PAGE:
This fine collection of short films represents the time that the great Charlie Chaplin spent at the Essanay Film Manufacturing Company, a working relationship which started in 1914 and which contributed hugely to Chaplin's reputation as the silent screen’s greatest star. Now, the BFI release all 16 films on DVD and Blu-ray with a treasure trove of extras, allowing us to look back at this century old work with fresh eyes. The big question is, of course, can he still make us laugh?
If Chaplin's career arc were represented in three stages, his early shorts in the Keystone comedies represent his slapstick years, where the hilarity of someone falling over never felt so good, and he would go on in the latter part of his career to create comedy features as sophisticated as any before or since. If in doubt, look up his speech about tolerance from The Great Dictator made in 1940, a piece of writing which could be spoken verbatim right now in the 21st century, or just watch Modern Times from 1936 because, if that doesn't make you howl, perhaps you're dead inside.
His Essanay films represent Chaplin somewhere between these two, literally and creatively, revealing an artist keen to expand his talent whilst embracing his past, pushing the boundaries of film comedy and developing characters which would serve him well for years to come.
So, in films like his Essanay classics, The Tramp and The Bank, we see both the genius of the slapstick comic timing from the Keystone years as well as the kind of ambition, the interest in storytelling, the more sophisticated use of the camera and the development of characters which would come to exemplify Chaplin's later features. In particular, the Essanay shorts saw him working with actress Edna Purviance for several years, bringing greater depth to the onscreen portrayal of women in his films.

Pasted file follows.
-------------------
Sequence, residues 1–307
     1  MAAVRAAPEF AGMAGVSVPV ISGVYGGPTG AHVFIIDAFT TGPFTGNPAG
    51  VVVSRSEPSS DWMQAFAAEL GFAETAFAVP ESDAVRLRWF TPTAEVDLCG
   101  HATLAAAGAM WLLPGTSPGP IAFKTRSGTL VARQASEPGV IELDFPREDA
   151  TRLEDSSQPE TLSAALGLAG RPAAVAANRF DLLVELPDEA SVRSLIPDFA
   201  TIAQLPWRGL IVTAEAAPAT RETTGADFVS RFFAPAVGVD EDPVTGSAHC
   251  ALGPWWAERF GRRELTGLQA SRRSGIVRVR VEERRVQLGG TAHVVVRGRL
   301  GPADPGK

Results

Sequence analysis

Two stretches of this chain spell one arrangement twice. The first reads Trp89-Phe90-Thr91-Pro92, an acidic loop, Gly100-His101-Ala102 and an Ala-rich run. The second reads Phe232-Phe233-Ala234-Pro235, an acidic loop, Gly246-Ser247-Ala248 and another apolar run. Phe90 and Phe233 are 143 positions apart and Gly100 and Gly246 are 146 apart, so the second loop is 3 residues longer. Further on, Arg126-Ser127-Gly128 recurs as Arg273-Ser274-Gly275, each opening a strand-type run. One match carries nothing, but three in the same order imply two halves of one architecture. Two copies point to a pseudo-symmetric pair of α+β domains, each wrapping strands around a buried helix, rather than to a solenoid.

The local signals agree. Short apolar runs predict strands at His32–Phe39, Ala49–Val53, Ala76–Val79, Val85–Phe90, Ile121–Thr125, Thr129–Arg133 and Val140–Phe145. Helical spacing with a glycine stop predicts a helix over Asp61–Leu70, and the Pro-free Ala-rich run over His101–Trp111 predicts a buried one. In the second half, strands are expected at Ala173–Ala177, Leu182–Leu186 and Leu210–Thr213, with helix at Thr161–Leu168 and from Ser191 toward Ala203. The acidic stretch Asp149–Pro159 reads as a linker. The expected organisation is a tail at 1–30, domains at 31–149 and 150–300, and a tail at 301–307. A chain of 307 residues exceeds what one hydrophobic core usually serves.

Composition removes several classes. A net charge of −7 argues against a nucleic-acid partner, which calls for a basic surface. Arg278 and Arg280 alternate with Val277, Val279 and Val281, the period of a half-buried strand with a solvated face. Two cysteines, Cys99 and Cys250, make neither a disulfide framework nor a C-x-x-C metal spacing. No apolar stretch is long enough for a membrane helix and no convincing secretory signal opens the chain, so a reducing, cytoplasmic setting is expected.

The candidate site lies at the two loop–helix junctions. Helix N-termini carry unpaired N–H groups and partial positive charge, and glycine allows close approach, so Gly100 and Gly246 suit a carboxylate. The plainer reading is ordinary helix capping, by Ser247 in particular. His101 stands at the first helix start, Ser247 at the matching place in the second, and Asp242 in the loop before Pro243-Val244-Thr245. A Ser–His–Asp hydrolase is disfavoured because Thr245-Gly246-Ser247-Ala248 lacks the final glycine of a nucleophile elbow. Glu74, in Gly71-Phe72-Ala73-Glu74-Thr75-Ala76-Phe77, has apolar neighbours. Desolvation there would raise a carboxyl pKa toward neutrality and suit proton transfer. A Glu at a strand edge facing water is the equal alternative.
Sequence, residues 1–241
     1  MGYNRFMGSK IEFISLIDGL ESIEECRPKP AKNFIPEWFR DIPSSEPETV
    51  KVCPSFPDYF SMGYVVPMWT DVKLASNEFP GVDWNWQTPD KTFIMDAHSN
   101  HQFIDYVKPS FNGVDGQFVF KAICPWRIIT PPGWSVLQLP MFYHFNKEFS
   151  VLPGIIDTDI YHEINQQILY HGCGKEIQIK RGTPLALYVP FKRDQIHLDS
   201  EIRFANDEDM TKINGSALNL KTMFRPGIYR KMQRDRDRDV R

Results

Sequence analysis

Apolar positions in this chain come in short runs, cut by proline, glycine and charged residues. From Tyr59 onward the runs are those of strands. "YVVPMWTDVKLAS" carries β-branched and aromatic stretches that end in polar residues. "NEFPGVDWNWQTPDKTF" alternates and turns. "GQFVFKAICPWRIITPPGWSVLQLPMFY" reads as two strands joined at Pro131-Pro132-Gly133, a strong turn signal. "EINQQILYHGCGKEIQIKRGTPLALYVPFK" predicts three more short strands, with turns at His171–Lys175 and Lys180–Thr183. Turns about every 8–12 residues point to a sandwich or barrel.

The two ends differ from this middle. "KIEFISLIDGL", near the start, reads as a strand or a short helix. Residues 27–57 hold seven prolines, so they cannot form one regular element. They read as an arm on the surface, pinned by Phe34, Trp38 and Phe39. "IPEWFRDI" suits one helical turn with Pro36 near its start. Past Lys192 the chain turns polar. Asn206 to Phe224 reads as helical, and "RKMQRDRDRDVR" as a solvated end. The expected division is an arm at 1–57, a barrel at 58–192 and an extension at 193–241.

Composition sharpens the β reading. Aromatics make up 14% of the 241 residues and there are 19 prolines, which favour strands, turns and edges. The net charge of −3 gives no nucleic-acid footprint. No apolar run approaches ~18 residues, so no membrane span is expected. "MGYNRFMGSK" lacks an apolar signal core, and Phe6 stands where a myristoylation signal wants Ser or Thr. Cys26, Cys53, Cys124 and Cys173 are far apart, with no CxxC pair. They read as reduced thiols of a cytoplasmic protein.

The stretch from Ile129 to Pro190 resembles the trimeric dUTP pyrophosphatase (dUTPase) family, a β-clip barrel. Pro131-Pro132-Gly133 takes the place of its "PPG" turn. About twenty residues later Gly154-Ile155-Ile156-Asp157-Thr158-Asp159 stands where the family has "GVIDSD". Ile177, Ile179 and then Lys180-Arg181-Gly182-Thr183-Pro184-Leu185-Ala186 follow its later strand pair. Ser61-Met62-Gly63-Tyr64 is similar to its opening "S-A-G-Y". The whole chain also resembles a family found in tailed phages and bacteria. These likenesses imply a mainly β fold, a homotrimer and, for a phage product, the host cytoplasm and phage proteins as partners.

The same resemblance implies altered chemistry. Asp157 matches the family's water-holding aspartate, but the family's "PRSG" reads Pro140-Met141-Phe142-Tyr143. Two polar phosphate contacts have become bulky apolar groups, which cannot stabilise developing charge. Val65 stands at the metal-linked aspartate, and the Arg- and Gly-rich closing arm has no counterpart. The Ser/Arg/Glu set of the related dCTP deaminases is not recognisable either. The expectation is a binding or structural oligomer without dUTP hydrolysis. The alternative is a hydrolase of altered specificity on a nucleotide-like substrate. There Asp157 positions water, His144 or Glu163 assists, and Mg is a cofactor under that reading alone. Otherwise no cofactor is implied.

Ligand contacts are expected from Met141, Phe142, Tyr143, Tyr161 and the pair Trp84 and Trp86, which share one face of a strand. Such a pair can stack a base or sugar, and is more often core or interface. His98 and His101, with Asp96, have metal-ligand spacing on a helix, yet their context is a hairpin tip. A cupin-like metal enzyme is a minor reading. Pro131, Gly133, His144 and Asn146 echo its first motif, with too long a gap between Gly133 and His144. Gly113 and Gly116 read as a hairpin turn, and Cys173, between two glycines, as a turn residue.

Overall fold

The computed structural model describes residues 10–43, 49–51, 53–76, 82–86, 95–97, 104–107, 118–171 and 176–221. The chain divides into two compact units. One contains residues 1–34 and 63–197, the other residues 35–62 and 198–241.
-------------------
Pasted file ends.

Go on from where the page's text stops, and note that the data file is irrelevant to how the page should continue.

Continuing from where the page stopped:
Chaplin's tramp appears in many of the shorts here (and would go on to appear on screen up to Modern Times), and it's this character which also brings out the ability of Chaplin to mix humour and pathos, with success, riches and women always just out of his reach, making the collection both funny and genuinely touching.
The restoration of these 100+ year old films has been lovingly handled and, for the most part, they look amazing, with missing and damaged scenes brought back to glorious life.
As for the extras, including a commentary by Peter Sellers on A Burlesque On Carmen, (yes, that's right, Peter Sellers talking about Charlie Chaplin – talk about comedy treasure!), there's as much to enjoy as there are films themselves, making this an essential collection, not only for lovers of comedy, but for lovers of early cinema in general.
As to the question from the start of this review, the answer is a resounding yes. It's good to know that, as sophisticated as comedy can be, there's still something joyous about a man with a mop and bucket accidentally walloping people in the face with a wet rag whilst going about his cleaning duties... Wonderful.
CHARLIE CHAPLIN – THE ESSANAY COMEDIES / CERT: U / DIRECTOR & SCREENPLAY: CHARLIE CHAPLIN / STARRING: CHARLIE CHAPLIN, EDNA PURVIANCE, CHARLES INSLEE / RELEASE DATE: OUT NOW